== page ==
• Recursive Case: If a jump is possible (g[i][k] is not -1), the function recursively calls itself, toggling the jump type (k ^ 1) to simulate the alternation of jumps.
    • Jump Not Possible: If no jump is possible from the current index (g[i][k] is -1), the function returns False.
  3. Graph g: A 2D list g is initialized to keep track of next indices for odd and even jumps from each index. The first dimension corresponds to the index in arr and the second dimension (0 or 1) corresponds to the type of jump.

  4. SortedDict sd: A SortedDict is used to efficiently find the next indices for jumps. As we iterate backward through the array (i going from n - 1 to 0), this structure allows us to:

    • Odd-numbered jumps: Use sd.bisect_left(arr[i]) to find the smallest index where arr[j] is greater than or equal to arr[i].
    • Even-numbered jumps: Use sd.bisect_right(arr[i]) - 1 to find the largest index where arr[j] is smaller than or equal to arr[i].
  5. Building the Graph g: For each index i, we update g[i][1] for odd jumps and g[i][0] for even jumps, or assign -1 if no jump is possible. Here, sd.values() returns the list of indices in the order of their corresponding values in sd.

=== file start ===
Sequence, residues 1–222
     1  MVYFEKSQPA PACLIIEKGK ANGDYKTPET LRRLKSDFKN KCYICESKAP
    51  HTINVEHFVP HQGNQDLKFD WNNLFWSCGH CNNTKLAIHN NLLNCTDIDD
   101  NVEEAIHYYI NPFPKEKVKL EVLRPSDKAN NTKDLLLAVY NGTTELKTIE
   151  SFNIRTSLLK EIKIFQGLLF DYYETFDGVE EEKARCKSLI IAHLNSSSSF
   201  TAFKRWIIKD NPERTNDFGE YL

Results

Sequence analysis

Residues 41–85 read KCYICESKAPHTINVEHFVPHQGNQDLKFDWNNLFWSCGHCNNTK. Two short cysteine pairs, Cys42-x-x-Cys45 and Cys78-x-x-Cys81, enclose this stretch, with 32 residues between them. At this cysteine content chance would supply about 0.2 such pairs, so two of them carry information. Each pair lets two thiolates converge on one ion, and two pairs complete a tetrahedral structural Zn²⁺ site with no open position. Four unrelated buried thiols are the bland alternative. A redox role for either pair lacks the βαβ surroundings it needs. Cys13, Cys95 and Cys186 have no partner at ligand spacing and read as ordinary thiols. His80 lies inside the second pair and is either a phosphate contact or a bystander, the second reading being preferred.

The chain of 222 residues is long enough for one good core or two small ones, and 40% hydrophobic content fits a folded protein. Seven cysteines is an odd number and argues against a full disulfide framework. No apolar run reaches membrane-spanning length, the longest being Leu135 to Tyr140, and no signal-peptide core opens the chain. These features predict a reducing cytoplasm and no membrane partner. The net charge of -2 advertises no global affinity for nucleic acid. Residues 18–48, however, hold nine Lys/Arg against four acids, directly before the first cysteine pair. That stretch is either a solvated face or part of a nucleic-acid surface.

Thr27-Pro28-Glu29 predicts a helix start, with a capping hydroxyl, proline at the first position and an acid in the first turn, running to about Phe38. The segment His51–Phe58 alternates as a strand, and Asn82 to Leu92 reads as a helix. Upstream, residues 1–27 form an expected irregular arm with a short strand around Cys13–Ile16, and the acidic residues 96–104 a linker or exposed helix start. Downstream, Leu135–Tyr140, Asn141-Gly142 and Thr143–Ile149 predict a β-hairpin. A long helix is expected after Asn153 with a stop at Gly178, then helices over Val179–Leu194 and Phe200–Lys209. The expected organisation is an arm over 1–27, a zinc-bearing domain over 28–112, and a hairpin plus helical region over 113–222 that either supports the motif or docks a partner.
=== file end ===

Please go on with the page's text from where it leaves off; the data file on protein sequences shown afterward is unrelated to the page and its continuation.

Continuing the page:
6. Calculating Good Starting Indices: Finally, the sum of all indices from which the end of the array can be reached by starting with an odd jump is computed. We do this by invoking dfs(i, 1) for all indices from 0 to n - 1, and then taking the sum of these boolean results.

The solution smartly combines memoized recursion for dynamic programming and binary search within a sorted dictionary to maintain a balance between time complexity and the practical execution speed of the algorithm.